Some strategic sectors of the economy will need to operate even in lockdowns, including healthcare, defense and security, and procurement of strategic goods and services such as food, medicine, energy, water, gas, and communications. Remaining sectors can be gradually reopened regionally, as the public-health crisis abates. One group could start operating as a region’s readiness moves from Stage 4 to Stage 3. A second group could start operating once the region is in Stage 2, when the risk of transmission is relatively under control. Others could open later, once the speed of transmission has been minimized or clear protocols have been created to account for the activity’s higher risk of transmission.
When sectors start to go back to work, leaders must institute health and behavioral protocols to lower the potential for further transmission. In almost every sector, businesses will need protocols to maintain physical distancing and prevent a resurgence of new cases: remote work, hygiene- and health-oriented guidelines, frequent monitoring of people’s temperatures for early detection of new cases, reporting of relevant information to the health authorities, and enforcement measures to guarantee compliance. Indeed, the adoption of these protocols and others can heavily influence a sector’s position on the matrix. Jobs can be redefined in ways that make them safer to restart.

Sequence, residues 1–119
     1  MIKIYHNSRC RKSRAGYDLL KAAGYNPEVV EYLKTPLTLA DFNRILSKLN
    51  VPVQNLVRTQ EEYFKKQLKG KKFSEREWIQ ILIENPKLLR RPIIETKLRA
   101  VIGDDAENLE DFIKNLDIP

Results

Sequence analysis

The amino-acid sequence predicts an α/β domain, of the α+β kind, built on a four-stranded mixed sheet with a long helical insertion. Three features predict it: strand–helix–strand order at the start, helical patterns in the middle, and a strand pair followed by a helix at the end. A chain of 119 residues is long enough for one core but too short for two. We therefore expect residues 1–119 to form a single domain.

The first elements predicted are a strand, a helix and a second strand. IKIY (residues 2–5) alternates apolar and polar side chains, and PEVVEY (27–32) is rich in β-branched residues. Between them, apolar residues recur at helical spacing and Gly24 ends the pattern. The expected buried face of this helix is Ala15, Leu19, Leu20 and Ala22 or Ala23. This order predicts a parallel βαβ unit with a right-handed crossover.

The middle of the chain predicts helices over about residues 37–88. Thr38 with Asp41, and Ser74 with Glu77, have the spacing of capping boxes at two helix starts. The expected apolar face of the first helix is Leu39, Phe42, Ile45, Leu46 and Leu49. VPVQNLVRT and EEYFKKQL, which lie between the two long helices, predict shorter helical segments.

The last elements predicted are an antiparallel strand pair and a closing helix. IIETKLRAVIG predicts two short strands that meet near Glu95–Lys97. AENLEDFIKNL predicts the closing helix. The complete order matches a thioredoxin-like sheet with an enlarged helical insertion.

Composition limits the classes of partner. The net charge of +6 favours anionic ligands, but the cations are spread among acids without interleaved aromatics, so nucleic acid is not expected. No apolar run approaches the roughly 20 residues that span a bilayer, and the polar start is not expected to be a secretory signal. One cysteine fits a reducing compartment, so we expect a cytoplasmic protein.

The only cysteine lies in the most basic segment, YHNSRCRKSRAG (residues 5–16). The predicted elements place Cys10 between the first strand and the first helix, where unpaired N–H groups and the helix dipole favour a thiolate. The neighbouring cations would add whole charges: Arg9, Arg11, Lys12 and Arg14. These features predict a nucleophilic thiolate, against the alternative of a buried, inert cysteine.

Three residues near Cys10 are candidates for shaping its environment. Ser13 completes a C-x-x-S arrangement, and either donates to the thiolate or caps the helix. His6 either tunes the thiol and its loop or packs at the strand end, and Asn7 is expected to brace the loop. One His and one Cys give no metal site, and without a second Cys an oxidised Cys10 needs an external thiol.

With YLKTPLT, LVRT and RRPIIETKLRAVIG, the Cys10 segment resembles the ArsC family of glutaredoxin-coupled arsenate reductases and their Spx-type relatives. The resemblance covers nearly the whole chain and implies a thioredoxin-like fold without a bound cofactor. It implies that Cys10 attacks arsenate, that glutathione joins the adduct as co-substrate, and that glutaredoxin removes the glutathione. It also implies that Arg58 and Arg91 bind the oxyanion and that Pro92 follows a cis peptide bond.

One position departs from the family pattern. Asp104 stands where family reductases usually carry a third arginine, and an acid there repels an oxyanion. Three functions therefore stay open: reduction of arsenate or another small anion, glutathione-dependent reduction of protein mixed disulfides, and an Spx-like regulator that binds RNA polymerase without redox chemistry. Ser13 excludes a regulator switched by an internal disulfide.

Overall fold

Additionally, each sector and subsector may need to implement specific requirements and procedures to guarantee the health of workers and the rest of the community. Public-health leaders and industry associations could work together to design protocols for each subsector in the days before the quarantine is lifted. They could also collaborate to provide resources that educate citizens and workers on how to apply those protocols.